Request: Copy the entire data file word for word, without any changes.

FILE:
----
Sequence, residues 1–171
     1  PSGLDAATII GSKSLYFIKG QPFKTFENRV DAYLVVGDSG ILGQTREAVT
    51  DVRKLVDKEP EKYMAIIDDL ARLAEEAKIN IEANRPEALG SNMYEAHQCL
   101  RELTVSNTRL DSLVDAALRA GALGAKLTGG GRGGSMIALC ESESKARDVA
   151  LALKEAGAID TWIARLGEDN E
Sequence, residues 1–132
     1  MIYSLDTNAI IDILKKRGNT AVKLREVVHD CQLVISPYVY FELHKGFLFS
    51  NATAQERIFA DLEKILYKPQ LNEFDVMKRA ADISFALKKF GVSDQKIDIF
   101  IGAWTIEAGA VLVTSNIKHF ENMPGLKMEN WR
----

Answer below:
Sequence, residues 1–171
     1  PSGLDAATII GSKSLYFIKG QPFKTFENRV DAYLVVGDSG ILGQTREAVT
    51  DVRKLVDKEP EKYMAIIDDL ARLAEEAKIN IEANRPEALG SNMYEAHQCL
   101  RELTVSNTRL DSLVDAALRA GALGAKLTGG GRGGSMIALC ESESKARDVA
   151  LALKEAGAID TWIARLGEDN E
Sequence, residues 1–132
     1  MIYSLDTNAI IDILKKRGNT AVKLREVVHD CQLVISPYVY FELHKGFLFS
    51  NATAQERIFA DLEKILYKPQ LNEFDVMKRA ADISFALKKF GVSDQKIDIF
   101  IGAWTIEAGA VLVTSNIKHF ENMPGLKMEN WR